By Roberta Rampton
WASHINGTON (Reuters) - Mexican and U.S. officials resumed talks on trade and migration on Thursday, with the Trump administration resisting calls from U.S. businesses and some Republican lawmakers to ease up on a plan to impose import tariffs on its southern neighbor.
Vice President Mike Pence, who led an initial round of negotiations in Washington on Wednesday, said talks were positive but emphasized the White House still wants Mexico to commit to working harder to combat illegal immigration.
"We welcomed the efforts of the Mexican officials to offer solutions to the crisis at our southern border, but we need Mexico to do more," Pence said on Thursday.
He was echoing President Donald Trump, who said on Wednesday that "not nearly enough" progress was made in the first round of talks, and warned that the tariffs would go into effect on Monday if Mexico does not step up efforts to stem the flow of mostly Central American migrants heading for the U.S. border.
Last week, Trump said Mexico must take a harder line on migrants or face 5% tariffs on all its exports to the United States from June 10, rising to as much as 25% later this year.
The unexpected announcement rattled global financial markets and even Trump's fellow Republicans fretted about the potential economic impact on U.S. businesses and consumers who would have to absorb the costs.
If the tariffs go ahead, the United States would be in a serious trade dispute with both China and Mexico - two of its three top trading partners. That is a situation that U.S. business groups are keen to avoid.
GRAPHIC-Trump vows high tariffs on Mexico https://graphics.reuters.com/USA-IMMIGRATION-TRUMP/010092KD3B7/index.html
Trump said on Thursday he would decide whether to carry out his threat to hit Beijing with tariffs on at least $300 billion in Chinese goods after a meeting of leaders of the world's largest economies late this month.
Officials of the U.S. Federal Reserve and International Monetary Fund separately warned that global trade tensions and rising tariffs posed an increasing risk to decades of U.S. expansion, as well as to the global economy.
Mexican Foreign Minister Marcelo Ebrard had meetings at the State Department on Thursday and staff-level meetings were scheduled to begin at 2 p.m. (1800 GMT) with Mexican officials at the White House, a White House official said.
"We are going to continue talks this afternoon. We're not done yet. I think we are advancing," Ebrard told reporters.
With Trump on a trip to Europe until Friday night, a quick agreement in the U.S.-Mexico talks is not anticipated by the U.S. side, however.
Analysts warn that tariffs could spark a recession in Mexico. Credit ratings agency Fitch downgraded Mexico's sovereign debt rating on Wednesday, citing trade tensions among other risks, while Moody's lowered its outlook to negative.
The immigration issue came into sharper focus on Wednesday with news that U.S. border officers said they apprehended more than 132,000 people crossing from Mexico in May, the highest monthly total in more than a decade and reaching what officials said were "crisis" levels.
German bond yields fell to new lows on Thursday and U.S. treasury yields resumed their fall as the trade tensions doused a rally fueled by hopes for more central bank stimulus ahead of a European Central Bank meeting. [US/]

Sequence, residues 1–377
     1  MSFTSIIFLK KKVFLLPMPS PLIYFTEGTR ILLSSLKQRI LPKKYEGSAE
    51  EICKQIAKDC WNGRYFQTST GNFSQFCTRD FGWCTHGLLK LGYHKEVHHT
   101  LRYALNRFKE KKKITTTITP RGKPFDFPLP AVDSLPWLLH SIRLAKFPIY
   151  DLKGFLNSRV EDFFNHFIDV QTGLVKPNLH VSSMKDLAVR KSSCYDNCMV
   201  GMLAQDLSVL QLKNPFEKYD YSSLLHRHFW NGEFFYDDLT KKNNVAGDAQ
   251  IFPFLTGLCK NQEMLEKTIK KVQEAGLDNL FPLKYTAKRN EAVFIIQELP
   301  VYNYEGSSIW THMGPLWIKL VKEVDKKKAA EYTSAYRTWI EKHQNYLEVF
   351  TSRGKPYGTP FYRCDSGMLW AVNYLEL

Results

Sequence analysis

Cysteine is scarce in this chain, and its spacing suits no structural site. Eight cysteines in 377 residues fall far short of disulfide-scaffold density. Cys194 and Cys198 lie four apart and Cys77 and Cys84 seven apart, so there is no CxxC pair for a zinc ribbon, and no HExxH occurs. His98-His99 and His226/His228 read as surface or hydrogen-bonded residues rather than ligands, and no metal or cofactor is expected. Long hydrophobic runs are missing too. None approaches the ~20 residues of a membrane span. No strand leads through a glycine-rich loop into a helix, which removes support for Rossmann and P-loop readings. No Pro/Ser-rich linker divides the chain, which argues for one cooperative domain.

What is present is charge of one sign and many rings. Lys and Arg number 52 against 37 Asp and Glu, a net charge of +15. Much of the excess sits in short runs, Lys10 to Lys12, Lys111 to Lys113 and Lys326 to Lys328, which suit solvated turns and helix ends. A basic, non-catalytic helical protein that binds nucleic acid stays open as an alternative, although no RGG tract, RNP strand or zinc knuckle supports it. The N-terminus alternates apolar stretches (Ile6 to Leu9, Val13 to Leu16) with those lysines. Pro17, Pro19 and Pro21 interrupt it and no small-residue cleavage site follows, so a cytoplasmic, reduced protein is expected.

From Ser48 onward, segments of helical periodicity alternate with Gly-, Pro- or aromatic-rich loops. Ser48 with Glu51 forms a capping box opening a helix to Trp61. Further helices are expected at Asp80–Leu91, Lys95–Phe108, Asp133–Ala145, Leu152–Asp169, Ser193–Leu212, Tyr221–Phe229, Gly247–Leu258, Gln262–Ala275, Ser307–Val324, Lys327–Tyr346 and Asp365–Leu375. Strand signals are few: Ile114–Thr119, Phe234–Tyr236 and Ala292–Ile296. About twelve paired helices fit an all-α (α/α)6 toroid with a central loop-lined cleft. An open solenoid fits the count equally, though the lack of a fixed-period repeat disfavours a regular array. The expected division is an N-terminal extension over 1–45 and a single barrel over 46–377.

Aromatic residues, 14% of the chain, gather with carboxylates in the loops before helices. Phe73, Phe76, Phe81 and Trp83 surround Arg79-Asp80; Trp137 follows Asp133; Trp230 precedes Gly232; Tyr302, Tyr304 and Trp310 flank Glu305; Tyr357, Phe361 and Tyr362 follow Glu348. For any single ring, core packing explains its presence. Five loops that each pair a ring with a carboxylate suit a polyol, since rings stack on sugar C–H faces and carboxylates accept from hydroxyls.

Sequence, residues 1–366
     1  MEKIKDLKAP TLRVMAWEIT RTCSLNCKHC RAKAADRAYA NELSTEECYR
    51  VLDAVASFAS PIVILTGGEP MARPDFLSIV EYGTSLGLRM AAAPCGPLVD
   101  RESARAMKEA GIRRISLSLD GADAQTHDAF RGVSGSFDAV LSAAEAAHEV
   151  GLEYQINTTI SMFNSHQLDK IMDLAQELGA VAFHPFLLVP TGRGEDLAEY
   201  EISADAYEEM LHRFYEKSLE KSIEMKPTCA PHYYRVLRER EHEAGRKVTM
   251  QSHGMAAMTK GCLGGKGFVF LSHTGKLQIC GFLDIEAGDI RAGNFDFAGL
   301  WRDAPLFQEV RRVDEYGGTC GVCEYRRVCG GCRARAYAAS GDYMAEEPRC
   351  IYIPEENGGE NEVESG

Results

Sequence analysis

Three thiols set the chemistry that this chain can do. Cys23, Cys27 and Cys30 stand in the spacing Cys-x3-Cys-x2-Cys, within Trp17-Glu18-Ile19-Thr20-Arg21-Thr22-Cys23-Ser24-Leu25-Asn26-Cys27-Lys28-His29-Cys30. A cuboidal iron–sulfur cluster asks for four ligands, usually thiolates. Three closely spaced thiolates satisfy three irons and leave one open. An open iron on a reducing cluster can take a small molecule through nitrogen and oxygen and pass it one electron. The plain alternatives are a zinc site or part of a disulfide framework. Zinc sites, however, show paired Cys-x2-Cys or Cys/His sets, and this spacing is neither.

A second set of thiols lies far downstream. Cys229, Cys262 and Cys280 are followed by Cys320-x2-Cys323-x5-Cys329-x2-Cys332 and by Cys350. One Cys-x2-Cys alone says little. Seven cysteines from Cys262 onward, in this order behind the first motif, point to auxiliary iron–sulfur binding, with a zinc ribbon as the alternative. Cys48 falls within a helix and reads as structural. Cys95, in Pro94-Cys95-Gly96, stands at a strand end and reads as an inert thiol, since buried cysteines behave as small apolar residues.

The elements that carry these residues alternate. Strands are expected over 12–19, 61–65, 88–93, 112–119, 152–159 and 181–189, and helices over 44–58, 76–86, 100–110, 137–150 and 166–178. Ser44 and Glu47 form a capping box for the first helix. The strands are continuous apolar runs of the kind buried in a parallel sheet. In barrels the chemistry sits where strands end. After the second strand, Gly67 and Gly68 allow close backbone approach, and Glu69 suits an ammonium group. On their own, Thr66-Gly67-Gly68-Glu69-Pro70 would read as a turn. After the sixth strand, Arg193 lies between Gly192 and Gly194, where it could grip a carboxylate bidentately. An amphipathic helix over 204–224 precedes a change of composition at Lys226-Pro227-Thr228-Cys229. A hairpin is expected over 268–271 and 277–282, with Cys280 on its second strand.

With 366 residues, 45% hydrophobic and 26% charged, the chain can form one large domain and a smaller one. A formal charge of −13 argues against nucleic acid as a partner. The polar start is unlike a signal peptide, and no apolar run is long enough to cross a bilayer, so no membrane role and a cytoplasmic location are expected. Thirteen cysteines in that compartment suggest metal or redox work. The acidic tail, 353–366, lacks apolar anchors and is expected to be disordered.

Mexican President Andres Manuel Lopez Obrador struck a positive note on Thursday.
"The U.S. authorities have behaved very well, (including) President Trump, because they haven't closed themselves off to dialogue and we hope that a deal is reached today," he told a news conference.
Nevertheless, Mexican officials have prepared a list of U.S. products that may face retaliatory tariffs if talks do not end in agreement.
The tariffs would target U.S. products from agricultural and industrial states regarded as Trump's electoral base, a tactic China has also used with an eye toward the president's 2020 re-election bid.
Mexico moved to ramp up efforts to halt the flow of Central American migrants crossing the border to the United States on Wednesday, with Mexican soldiers, armed police and immigration officials blocking migrants along its own southern border with Guatemala.
It was unclear whether the steps would appease Trump, who is struggling to make good on his key 2016 presidential campaign promise to build a wall along the U.S.-Mexico border as part of a hard-line immigration stance.
Senator Chuck Grassley, Republican chairman of the finance committee, had expressed hope on Wednesday of a quick deal with Mexico but he was more cautious on Thursday.
"The fact that there wasn’t any agreement (on Wednesday) probably isn’t surprising as long as they are going to be here two or three days," said Grassley, one of several Republican lawmakers who have expressed concern about imposing tariffs on Mexico.
(Reporting by Roberta Rampton in Washington; Additional reporting by Alexandra Alper, Susan Cornwell and Lesley Wroughton in Washington and Anthony Esposito and Diego Ore in Mexico City; Writing by Alistair Bell; Editing by Bernadette Baum, James Dalgleish and Sonya Hepinstall)
This story has not been edited by Firstpost staff and is generated by auto-feed.
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Updated Date: Jun 07, 2019 00:05:32 IST